Sunday, May 08, 2011

Magic paddle latched

After finishing fourth in Sunday's Turkish Grand Prix, Lewis Hamilton opined that his first lap mistake had cost him an opportunity of battling for second place in the race. In fact, a close examination of the data suggests that the McLaren didn't have sufficient race pace to even challenge the Ferrari of Alonso for third. Lewis's mistake was costly at the time, but in retrospect he would probably have been confined to fourth place anyway.

But let's go back to the beginning of the race. Mark Webber got away to a poor start, immediately relinquishing second place to Rosberg, and allowing Hamilton to get alongside into turn 1. Lewis thought better at that point, but tried the outside again into turn 3. This was a somewhat optimistic move, and Lewis overcommitted, running wide, letting Alonso past into turn 4, and Button into turn 5. Jenson and Lewis duly completed the first lap in fifth and sixth positions.

Thus, Lewis had it all to do, and with the adrenalin clearly flowing, he tried the inside of Button into turn 8 on lap 2. The successful execution of such a move would have required a degree of charity from Jenson, normally only associated with Catholic missionaries, and Button duly shut the door.

After 5 laps, Button and Hamilton were running a couple of seconds behind Alonso in fourth, with Lewis still looking for a way past his team-mate. At the end of lap 6, Lewis used his DRS to out-brake Jenson into turn 12, but then missed the apex of turn 13, had a bobble at turn 14, and Jenson immediately re-took the place on traction. Crossing the start-finish line, Hamilton snuck back into his team-mate's slipstream, and then sent one up the inside again into turn 1.

Hamilton commented after the race that he was suffering from oversteer during the opening stints, with detrimental consequences to his tyre wear. Substantiating this, Lewis seemed to lose grip almost the moment he'd got past Jenson, and Button re-took fifth place into turn 1 on lap 8. On lap 9, Massa used his DRS to take Hamilton down the back straight, at which point Felipe and Lewis both made their first stops.

The gap to Alonso had grown to over 5 seconds by the time Hamilton pitted. Webber, Alonso and Rosberg made their first stops just one lap later, but Hamilton found himself behind the Mercedes when it emerged from the pits, and by lap 11 the deficit to Alonso was 7 seconds.

On lap 14, Hamilton used his DRS to overtake Rosberg down the back straight, the McLaren raising the dust on the inside of the circuit as he did so. At this juncture, the gap to the lead Ferrari was still just 7 seconds, and Hamilton now had a clear track to Alonso.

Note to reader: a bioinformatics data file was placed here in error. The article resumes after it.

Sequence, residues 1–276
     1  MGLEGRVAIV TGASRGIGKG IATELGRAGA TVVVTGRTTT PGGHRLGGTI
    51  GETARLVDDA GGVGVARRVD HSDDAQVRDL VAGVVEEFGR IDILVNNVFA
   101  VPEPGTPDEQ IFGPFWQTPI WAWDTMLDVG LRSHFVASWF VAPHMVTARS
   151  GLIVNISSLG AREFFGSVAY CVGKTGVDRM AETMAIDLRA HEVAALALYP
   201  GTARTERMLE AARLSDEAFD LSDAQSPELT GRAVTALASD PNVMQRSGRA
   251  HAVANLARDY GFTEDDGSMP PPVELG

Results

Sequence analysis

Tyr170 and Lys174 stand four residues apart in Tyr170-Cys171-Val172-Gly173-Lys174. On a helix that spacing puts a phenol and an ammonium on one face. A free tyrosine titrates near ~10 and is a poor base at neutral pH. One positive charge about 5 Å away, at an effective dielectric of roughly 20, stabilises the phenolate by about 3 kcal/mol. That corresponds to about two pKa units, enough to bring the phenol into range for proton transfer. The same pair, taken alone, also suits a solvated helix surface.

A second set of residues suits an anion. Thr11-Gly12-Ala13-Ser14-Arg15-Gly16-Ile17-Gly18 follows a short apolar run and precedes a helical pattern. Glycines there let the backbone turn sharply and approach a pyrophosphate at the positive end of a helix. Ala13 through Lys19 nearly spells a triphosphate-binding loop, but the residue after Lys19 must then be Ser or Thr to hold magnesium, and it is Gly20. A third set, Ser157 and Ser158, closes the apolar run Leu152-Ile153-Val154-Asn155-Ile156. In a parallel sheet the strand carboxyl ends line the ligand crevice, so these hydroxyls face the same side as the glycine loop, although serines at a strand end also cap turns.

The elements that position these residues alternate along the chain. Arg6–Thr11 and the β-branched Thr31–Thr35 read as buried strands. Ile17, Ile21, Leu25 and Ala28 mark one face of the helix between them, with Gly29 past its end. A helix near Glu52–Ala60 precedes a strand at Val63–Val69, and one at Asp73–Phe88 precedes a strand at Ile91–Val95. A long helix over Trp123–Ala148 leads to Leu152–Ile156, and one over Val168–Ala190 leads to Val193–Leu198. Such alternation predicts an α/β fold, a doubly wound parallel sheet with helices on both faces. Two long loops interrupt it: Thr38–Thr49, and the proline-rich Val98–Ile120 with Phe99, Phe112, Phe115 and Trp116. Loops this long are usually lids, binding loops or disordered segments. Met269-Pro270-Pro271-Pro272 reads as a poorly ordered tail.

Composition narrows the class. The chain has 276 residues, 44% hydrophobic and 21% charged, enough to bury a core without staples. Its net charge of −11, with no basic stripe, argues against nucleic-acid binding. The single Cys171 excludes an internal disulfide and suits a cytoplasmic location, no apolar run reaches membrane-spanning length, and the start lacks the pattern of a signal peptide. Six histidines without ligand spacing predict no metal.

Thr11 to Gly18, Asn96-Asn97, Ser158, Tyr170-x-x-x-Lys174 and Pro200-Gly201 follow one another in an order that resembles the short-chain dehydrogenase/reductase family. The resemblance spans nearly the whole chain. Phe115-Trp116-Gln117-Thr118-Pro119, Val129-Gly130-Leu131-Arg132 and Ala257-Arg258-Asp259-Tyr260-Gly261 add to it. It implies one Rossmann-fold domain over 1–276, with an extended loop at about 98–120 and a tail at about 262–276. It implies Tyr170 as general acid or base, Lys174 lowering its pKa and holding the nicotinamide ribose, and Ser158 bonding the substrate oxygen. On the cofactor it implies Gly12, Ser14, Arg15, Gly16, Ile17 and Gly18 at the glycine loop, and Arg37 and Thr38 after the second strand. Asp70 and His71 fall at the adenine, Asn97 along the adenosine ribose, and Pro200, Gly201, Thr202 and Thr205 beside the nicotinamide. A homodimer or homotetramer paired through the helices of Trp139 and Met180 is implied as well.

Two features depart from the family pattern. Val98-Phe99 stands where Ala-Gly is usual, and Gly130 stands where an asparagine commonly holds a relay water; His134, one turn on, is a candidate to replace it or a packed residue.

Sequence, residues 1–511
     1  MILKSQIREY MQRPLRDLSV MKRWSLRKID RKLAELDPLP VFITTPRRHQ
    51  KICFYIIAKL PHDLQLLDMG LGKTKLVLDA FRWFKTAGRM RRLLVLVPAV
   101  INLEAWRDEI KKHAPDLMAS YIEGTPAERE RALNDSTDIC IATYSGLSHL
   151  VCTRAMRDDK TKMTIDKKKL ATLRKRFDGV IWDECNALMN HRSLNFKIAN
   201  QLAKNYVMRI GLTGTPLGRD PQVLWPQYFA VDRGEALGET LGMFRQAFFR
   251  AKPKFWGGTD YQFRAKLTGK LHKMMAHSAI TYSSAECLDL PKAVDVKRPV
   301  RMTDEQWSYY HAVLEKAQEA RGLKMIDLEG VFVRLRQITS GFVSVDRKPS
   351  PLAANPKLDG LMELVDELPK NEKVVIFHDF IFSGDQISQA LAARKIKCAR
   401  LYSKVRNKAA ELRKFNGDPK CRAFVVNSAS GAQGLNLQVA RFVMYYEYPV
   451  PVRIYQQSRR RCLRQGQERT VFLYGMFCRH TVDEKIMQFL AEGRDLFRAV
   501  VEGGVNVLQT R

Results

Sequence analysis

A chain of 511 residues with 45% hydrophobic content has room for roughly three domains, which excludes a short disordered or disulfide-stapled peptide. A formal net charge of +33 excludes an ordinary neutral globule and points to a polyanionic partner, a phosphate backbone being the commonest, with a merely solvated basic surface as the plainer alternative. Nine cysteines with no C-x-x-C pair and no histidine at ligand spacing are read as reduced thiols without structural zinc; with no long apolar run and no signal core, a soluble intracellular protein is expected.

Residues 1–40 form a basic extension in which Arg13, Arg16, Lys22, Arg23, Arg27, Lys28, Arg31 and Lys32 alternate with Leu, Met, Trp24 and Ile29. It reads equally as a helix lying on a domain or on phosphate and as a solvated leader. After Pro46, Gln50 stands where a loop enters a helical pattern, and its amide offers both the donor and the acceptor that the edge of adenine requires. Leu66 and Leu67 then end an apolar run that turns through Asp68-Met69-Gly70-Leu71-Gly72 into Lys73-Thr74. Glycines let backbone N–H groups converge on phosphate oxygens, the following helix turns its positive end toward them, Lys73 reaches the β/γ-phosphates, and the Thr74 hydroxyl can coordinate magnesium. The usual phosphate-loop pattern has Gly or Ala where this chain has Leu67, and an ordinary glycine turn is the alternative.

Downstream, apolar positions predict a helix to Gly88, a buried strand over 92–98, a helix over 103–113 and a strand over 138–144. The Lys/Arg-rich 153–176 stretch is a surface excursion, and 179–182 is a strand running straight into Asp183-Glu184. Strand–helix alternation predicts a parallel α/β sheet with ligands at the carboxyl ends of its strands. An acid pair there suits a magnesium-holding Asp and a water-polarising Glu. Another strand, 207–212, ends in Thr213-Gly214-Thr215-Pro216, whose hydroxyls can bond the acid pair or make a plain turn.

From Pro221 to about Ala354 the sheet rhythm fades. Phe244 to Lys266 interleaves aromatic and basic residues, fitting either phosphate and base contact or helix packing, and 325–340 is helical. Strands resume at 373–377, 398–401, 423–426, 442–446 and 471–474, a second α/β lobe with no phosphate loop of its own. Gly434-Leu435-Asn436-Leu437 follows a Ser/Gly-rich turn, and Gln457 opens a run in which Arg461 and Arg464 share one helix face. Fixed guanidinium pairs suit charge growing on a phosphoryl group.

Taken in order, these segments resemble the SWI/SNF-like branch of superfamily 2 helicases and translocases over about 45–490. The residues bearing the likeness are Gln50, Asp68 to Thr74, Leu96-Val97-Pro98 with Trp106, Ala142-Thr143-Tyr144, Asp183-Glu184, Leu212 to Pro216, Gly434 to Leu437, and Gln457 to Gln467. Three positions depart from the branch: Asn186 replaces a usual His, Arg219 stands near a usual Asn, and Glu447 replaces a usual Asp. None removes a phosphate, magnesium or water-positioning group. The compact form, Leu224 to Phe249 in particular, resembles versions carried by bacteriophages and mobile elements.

However, far from closing on the Ferrari, the gap now began to inch upwards. After 17 laps, the interval was 9.5 seconds, and thereafter Lewis began to lose huge chunks of time: after 18 laps, it was 10.5 seconds; after 19 laps it was 12 seconds; and when Lewis made his second pit-stop at the end of lap 20, the gap had grown to 14 seconds.

Alonso's second stop didn't come until lap 23, so Lewis could have been expected to make hay with the advantage of a three-lap undercut here. On the contrary, on lap 24 the gap between the Ferrari and McLaren was just over 14 seconds, exactly as before. The interval then extended to 19 seconds by lap 32. A couple of laps later, Hamilton made his third pit-stop, losing a lot of time when the right-front wheel refused to tighten properly. But by this stage, the damage had been done.

Just 7 seconds behind Alonso after 14 laps, Lewis was 19 seconds behind when he pitted twenty laps later. Hamilton finished fourth, and the superior tyre wear of the third-placed Ferrari was such that Lewis would have finished fourth even without the pit-stop problem, or his first-lap mistake.

McLaren's failure to bring any significant upgrades to the Turkish Grand Prix, combined with the minor upgrades introduced by Mercedes and Ferrari, have brought all three teams onto a similar performance level. McLaren's inability to preserve a fresh set of tyres in qualifying, and Lewis's need to go racing after his first-lap mistake, then exacerbated the tyre wear situation, presenting Ferrari with a comfortable podium position.

McLaren lost out in the latter stages of the 2010 development race, and there is already a faint echo of that in only the fourth round of the 2011 championship.


Unknown said...

There was no mention today of Red Bull's KERS problems. Without some kind of self-induced weakness there seems little chance of McLaren or anyone else catching Vettel and stopping him clinching the title by August.
Richard Schofield, Bath, UK

Gordon McCabe said...

It didn't seem to be working on Webber's car towards the end, but hardly seemed to matter.